When considering how to give a reference we look at employment law and how honest to be. This includes answering the question, ‘Can an employer refuse to give a reference?’
How to Give a Reference and Honesty
Employment Law UK
Legally Do I Have to Give a Reference?
When supplying a reference in respect of a current or former employee you owe a duty to that employee to take reasonable care to ensure that the reference is fair and accurate.
If it is not fair and accurate and the employee suffers loss as a result, s/he can sue you for damages on the grounds of negligent misstatement.
If you knowingly provide an inaccurate reference, which is either derogatory or contains false information and is designed to prevent the employee getting the job, the employee could have grounds to sue for defamation or malicious falsehood.
If that suit is successful, you could be liable for substantial damages. There is currently no upper limit to the damages available in High Court action.
How to Give References and How Honest to Be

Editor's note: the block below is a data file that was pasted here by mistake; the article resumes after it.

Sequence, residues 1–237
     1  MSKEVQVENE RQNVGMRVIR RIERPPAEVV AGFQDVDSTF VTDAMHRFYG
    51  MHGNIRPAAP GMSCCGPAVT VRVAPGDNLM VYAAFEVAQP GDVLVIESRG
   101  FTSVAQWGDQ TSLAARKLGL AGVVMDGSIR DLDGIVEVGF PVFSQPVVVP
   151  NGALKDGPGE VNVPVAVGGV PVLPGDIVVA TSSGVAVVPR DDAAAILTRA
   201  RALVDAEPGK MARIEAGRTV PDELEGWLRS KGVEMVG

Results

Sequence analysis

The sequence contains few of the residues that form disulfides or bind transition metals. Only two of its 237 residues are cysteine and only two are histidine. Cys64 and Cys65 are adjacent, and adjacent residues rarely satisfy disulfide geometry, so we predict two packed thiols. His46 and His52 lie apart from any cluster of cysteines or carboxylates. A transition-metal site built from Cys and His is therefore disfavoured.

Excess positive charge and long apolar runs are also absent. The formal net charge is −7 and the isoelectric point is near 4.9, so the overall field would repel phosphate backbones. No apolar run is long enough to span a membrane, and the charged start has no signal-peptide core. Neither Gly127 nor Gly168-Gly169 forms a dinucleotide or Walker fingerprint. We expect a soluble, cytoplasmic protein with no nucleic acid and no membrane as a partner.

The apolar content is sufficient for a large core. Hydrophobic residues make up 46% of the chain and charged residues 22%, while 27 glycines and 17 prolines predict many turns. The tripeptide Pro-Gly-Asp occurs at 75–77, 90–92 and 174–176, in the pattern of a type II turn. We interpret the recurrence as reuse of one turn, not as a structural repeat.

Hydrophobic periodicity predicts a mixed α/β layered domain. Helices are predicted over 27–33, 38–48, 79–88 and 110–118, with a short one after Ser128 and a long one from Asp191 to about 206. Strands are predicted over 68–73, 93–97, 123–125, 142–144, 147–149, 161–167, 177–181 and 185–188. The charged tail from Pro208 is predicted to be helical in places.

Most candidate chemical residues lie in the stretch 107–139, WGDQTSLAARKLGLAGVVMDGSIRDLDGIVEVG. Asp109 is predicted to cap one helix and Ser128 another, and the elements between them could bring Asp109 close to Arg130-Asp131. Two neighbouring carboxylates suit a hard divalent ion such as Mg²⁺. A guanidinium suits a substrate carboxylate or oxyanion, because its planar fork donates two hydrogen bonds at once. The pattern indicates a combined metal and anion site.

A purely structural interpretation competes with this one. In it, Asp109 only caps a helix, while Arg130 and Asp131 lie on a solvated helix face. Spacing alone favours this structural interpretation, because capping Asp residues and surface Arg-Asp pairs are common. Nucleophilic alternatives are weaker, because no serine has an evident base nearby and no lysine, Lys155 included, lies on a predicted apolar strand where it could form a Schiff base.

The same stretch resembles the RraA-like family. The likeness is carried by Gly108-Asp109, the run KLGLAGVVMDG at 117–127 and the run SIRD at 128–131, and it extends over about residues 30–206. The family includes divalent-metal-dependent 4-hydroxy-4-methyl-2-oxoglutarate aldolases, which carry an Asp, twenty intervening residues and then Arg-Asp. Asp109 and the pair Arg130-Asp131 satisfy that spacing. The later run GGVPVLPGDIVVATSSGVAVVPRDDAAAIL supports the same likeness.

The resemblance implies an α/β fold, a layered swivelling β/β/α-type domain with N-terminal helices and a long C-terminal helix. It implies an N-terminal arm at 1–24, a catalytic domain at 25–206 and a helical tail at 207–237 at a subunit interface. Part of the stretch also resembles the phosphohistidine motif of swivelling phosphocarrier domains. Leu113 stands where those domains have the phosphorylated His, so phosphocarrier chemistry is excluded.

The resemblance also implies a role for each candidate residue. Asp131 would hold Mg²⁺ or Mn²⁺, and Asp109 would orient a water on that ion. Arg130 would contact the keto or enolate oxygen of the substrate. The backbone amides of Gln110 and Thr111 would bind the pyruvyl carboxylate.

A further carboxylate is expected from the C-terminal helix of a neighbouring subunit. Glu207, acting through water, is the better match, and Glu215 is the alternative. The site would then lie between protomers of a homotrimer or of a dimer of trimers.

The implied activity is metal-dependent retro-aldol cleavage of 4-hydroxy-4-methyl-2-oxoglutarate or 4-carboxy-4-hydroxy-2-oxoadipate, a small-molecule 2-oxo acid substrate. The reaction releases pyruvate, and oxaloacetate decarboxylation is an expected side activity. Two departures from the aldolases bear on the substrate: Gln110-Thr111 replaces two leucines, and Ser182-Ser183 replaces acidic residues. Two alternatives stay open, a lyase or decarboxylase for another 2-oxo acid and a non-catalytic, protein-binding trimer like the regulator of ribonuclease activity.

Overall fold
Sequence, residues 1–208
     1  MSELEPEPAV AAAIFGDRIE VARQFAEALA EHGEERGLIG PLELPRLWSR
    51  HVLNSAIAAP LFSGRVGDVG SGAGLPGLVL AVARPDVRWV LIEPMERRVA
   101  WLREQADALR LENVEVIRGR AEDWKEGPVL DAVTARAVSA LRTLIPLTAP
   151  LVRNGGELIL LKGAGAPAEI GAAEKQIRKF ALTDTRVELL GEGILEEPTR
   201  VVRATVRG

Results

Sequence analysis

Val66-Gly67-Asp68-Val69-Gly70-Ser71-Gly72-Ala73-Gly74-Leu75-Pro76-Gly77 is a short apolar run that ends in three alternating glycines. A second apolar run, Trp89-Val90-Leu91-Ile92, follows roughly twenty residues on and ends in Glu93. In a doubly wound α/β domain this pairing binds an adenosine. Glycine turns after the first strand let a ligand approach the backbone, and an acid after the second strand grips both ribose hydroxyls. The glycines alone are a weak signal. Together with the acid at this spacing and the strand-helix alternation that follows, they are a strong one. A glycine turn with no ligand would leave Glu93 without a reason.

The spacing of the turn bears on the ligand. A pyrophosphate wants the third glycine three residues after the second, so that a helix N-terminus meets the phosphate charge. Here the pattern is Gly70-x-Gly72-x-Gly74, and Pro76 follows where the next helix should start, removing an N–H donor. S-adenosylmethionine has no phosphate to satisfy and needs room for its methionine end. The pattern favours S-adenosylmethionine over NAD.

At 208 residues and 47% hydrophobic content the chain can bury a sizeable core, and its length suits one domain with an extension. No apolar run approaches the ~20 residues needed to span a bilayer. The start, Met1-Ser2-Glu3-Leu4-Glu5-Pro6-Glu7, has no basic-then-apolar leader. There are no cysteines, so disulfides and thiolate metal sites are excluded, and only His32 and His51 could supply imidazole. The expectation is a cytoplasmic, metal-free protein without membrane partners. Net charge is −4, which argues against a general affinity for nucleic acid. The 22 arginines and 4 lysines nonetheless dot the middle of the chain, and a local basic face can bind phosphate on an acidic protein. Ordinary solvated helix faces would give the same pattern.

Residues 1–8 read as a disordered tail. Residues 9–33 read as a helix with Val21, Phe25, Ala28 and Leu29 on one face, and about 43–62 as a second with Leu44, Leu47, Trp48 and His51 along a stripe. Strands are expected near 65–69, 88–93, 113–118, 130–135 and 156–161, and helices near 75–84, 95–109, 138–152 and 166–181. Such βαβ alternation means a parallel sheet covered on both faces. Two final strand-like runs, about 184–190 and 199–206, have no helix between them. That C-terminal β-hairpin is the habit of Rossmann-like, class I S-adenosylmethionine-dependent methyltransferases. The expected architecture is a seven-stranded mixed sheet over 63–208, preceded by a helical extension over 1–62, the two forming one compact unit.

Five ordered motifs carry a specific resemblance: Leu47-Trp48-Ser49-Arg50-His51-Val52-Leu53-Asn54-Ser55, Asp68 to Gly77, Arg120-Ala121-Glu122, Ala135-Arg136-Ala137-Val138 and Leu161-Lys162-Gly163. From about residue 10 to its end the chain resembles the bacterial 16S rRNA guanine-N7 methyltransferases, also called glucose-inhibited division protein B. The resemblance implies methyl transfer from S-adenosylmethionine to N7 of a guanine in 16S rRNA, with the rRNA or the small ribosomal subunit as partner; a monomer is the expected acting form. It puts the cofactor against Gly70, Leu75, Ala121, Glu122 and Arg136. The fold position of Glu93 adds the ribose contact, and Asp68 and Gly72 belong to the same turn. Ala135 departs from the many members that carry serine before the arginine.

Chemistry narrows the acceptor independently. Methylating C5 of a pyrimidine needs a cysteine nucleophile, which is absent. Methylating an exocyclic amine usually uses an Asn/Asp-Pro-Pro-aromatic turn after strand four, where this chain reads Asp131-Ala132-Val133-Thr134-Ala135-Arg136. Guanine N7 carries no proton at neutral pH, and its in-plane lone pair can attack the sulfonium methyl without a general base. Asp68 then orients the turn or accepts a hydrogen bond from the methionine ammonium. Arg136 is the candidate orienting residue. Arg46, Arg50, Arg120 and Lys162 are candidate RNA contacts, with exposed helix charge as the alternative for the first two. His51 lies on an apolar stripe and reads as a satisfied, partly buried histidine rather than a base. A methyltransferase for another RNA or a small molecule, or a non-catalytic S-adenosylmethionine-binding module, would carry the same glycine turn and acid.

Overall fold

You should respond to a general request for a reference by providing factual information. This includes issues such as dates of employment and capacity in which employed.
Specific questions may be asked about the person’s competence and character. Then you have a duty of care to both the (former) employee and to the prospective employer as per the legal obligations (above).
When providing a job reference give facts rather than subjective opinions. Always check the facts you are giving.
You can refer to the individual’s file and other relevant documents. This can include the termination report.
Where you do provide opinions, these should be based on facts that are sufficient to support them.
The Rehabilitation of Offenders Act 1972 was introduced, “To rehabilitate offenders who have not been reconvicted of any serious offence for a period of years and to penalise the unauthorised disclosure of their previous convictions.”
This means that an employer should not reveal their knowledge of an employee’s ‘spent’ conviction in the course of giving a job reference. The exception is in the case of certain ‘protected’ occupations which include accountancy, the legal profession, teaching, medicine and work that involves dealing with children.
(Main image from Solent University)